The business of racing is all about results. That’s the whole point, to line up and find out who’s fastest on the given day. When good results don’t come, it’s hard to remember why we voluntarily put ourselves through the stressful process of preparing and competing. This past weekend at Grand Bend, at the opening round if the 2022 Canadian Superbike series, we didn’t get the results we were looking for. Sometimes in racing, it just doesn’t go your way.
But I’m staying positive and focusing on going forward.
A few weeks ago, we raced at the first round of the Pro 6 GP series at the Calabogie regional series. That was a good event for us. We finished in 4th, fighting for the podium up until the last corner. Kyle and I had tried a new chassis set up and were able to improve rear tire life after the first few laps, compared to last season. We left there with valuable points needed to defend the Pro 6 GP regional number 1 plate.
Once we arrived at Grand Bend, I just never found my rhythm. We made a few small errors, ended up off the pace a bit, and couldn’t recover. I qualified 9th. For race 1 on Saturday, a few laps in, I lost the front in the low speed corner two. It happened in slow motion and I almost saved it. The bike slid on the engine case guard and handle bar end. The paint wasn’t even scratched. I was able to pick it up and continued to a 13th place finish. Does it even count as a crash if the paint isn’t scratched? Lol. Sunday’s race 2 was an unfortunate replay. On the second lap, I lost the front again, this time in corner 3. The handlebar was damaged and I couldn’t continue. A bad weekend of racing was finally over. Other than the handlebar, the bike is fine. We got lucky.
Kyle Blakley has signed up for another season as crew chief and Jon Cornwell is continuing to help us as a consultant when he has free time away from his busy schedule working with the most accomplished team racing in Moto America. Kyle and Jon were able to review the data from the crashes. They can see that during the two crashes, I was doing things pretty much the same as the previous lap, except I had slightly reduced the throttle. On the other laps in those spots, I had just set the throttle and was maintaining the corner speed getting ready to open the throttle at the exit. Specifically, I had the throttle open at about 15 %. In the first crash, I closed it to zero, the other to about 10 %. Likely, I closed it to help adjust my line a bit. The track is very bumpy in those corners. An incremental increase of load on the front, over the bumps, was just a little too much. I can tell you that having two super smart guys like Jon and Kyle dissect what I’m doing on the bike feels like being naked in public. You can’t hide anything.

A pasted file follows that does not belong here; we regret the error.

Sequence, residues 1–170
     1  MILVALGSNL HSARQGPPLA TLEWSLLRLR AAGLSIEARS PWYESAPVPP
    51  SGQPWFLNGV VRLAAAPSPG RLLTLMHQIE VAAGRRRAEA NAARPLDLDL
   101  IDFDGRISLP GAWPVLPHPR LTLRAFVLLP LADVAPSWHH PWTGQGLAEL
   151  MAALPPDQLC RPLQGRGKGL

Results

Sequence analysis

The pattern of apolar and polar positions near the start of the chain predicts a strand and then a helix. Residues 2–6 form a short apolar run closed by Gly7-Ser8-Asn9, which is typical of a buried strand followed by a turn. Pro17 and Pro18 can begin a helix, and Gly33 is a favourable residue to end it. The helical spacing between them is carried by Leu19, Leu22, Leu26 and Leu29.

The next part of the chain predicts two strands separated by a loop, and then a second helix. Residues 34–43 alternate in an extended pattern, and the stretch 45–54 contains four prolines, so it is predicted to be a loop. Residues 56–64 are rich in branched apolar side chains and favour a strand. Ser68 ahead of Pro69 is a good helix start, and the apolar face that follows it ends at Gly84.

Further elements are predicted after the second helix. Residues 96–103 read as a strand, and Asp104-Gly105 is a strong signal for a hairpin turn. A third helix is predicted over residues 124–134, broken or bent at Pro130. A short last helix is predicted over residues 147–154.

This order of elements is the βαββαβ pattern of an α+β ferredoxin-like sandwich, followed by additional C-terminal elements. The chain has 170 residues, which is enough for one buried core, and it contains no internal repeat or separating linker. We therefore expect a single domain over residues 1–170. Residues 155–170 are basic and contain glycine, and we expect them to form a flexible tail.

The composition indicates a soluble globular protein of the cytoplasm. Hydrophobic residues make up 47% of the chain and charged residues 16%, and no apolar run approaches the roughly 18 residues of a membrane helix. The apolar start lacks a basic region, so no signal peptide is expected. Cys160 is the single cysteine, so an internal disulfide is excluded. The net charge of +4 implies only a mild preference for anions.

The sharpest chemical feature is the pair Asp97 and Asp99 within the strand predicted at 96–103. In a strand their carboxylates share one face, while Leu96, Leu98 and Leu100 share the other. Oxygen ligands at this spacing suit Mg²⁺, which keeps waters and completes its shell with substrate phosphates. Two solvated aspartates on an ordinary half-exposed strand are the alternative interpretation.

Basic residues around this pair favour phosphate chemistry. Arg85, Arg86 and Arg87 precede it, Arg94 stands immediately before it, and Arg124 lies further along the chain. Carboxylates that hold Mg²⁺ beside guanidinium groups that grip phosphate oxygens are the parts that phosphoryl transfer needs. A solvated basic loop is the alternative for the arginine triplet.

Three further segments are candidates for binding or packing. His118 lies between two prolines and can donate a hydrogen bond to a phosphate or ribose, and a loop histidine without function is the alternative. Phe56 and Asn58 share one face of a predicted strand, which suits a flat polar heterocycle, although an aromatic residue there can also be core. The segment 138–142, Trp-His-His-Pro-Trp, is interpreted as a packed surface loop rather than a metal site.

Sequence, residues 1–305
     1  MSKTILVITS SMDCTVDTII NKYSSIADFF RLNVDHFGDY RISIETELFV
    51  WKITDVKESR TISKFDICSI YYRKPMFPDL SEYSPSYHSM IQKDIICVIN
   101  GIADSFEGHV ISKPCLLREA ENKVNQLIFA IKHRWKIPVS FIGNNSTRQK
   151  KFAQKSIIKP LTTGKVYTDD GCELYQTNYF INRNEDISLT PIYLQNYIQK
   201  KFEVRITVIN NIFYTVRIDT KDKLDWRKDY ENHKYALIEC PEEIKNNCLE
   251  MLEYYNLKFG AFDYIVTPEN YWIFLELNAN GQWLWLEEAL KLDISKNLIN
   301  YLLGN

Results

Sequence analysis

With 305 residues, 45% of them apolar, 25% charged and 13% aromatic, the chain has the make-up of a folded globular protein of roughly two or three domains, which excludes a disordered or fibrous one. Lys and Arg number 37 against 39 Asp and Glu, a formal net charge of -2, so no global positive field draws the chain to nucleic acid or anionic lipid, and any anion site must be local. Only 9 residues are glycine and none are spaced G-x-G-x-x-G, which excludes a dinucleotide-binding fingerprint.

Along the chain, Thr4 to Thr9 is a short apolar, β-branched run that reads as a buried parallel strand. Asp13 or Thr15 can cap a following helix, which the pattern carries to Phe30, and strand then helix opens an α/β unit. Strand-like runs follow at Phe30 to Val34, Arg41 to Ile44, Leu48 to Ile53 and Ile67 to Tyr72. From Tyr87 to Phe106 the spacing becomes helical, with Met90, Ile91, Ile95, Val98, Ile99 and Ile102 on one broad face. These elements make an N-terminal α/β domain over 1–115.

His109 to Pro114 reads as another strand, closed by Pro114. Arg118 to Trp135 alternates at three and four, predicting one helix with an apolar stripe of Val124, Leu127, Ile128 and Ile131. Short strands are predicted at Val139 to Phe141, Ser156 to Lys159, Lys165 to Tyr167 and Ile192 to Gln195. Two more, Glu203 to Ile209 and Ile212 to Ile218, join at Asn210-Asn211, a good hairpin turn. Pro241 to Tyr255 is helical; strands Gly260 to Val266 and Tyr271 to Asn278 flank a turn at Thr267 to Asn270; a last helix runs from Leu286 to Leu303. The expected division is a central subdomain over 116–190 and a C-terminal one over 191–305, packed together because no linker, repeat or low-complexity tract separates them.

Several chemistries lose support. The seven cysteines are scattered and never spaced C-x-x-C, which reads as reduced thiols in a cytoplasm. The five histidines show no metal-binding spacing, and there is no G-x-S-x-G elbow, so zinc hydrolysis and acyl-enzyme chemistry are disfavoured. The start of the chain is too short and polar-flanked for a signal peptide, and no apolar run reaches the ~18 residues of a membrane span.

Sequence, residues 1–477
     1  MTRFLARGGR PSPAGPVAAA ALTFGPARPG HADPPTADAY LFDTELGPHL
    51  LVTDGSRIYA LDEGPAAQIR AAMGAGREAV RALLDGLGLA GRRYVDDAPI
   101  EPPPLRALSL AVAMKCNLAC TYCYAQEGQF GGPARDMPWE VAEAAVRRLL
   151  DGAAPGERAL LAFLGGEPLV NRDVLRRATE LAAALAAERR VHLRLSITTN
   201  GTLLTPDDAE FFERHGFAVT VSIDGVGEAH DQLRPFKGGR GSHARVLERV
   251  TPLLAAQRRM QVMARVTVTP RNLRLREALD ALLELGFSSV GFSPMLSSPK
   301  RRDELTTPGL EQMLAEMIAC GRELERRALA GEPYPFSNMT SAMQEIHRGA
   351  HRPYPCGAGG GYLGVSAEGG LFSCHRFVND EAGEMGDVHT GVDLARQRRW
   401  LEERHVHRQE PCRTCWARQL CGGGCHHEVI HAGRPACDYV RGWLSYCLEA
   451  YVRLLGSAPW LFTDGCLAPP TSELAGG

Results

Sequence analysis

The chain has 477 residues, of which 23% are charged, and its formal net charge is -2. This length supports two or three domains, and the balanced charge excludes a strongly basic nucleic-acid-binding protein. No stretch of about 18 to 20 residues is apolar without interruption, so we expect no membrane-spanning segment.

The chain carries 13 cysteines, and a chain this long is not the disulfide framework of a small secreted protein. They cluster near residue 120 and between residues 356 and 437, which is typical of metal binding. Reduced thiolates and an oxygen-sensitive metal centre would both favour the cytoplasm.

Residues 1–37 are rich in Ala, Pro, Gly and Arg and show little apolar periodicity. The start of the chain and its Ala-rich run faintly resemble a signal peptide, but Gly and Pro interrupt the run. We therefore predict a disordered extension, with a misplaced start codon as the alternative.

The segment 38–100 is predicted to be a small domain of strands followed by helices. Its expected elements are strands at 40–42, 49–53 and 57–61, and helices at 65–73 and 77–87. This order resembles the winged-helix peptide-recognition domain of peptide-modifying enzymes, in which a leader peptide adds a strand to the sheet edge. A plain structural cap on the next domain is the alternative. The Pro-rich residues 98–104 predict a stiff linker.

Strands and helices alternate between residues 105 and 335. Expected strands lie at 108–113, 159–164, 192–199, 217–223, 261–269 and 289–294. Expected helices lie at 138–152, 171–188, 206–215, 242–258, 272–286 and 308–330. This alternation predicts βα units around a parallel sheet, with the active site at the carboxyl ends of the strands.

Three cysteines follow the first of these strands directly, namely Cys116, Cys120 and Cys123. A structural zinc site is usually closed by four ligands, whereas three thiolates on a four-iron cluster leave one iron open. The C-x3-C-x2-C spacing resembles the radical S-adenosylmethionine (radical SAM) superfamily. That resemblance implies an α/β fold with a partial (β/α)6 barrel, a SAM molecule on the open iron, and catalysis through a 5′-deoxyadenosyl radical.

Getting to collaborate with Kyle and Jon and working on ways to improve the bike is one of the things that keeps me coming back to the track. They are crunching the data and using a software called MotoSPEC to analyze our setup. The goal, going forward, is to make it a bit more forgiving when getting on and off the throttle mid corner without losing the improved tire life.
Just a quick word about MotoSPEC in case you aren’t familiar with it. The software was developed by Jeff Laidman, right here in Canada and is being used at the highest level of racing all around the world including MotoGP, World Superbike, British Superbike and MotoAmerica. When we make a change as small as switching to a softer spring, it shows the impact that it has to the rake, trail, chain anti-squat and swing arm angle. It is surprising how much one small change affects everything else. For example, if we lower the front of the bike by 5mm (a common change to improve the bike’s initial turn in), it changes the swingarm angle. A small change to swingarm angle can have big effect on rear grip. If we can plug that into the software, and know how much the swingarm angle would be effected, we can compensate and bring the swingarm angle back to the target number. This way we only effect the turn in and not rear grip as well. MotoSPEC is a terrific home grown racing tool!
I’ll be racing again this upcoming Saturday at Calabogie for Rd2 of the Pro 6 GP. Following the race, Pro 6 will be running demo rides for track day riders that want to try a brand new S1000RR or a S1000XR for one of the sessions. Pro 6 and BMW Motorrad Canada has been running this program for many years allowing riders to see just how amazing these machines are. I’ll be helping as a BMW Ambassador and assisting the riders sign the waiver and getting the bikes ready to go. If you are are riding at the Calabogie on June 18th or19th stop in to give a BMW a try.
See you at the track.
From a press release